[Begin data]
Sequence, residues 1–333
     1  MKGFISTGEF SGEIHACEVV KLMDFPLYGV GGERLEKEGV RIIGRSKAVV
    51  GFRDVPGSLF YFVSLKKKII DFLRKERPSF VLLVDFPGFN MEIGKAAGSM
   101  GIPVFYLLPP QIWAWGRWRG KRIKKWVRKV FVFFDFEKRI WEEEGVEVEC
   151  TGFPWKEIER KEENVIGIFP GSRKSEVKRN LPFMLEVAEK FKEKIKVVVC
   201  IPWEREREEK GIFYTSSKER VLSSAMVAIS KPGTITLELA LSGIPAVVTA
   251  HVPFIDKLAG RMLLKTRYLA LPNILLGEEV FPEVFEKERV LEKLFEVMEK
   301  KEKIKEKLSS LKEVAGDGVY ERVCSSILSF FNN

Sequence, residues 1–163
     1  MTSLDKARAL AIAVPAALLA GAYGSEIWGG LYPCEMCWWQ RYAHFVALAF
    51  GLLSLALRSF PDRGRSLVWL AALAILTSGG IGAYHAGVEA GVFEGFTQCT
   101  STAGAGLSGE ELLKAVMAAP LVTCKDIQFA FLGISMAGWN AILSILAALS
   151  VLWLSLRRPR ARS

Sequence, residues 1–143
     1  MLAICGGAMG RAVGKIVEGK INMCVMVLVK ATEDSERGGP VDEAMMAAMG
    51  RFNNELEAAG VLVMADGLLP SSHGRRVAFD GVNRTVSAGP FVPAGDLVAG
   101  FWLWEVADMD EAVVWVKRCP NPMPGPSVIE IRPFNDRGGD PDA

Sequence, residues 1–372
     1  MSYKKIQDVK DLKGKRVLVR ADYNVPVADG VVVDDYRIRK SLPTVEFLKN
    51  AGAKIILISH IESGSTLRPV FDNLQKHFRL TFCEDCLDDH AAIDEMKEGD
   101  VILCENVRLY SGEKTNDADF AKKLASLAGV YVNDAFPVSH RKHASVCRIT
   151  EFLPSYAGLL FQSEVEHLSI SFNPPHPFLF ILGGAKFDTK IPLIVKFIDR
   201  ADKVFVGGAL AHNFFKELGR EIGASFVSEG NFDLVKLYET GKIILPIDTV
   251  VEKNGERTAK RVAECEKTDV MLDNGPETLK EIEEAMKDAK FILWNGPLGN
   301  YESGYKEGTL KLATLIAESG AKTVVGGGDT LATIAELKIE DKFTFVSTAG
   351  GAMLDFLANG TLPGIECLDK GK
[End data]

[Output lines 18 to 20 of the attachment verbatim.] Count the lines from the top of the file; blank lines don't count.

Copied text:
Sequence, residues 1–372
     1  MSYKKIQDVK DLKGKRVLVR ADYNVPVADG VVVDDYRIRK SLPTVEFLKN
    51  AGAKIILISH IESGSTLRPV FDNLQKHFRL TFCEDCLDDH AAIDEMKEGD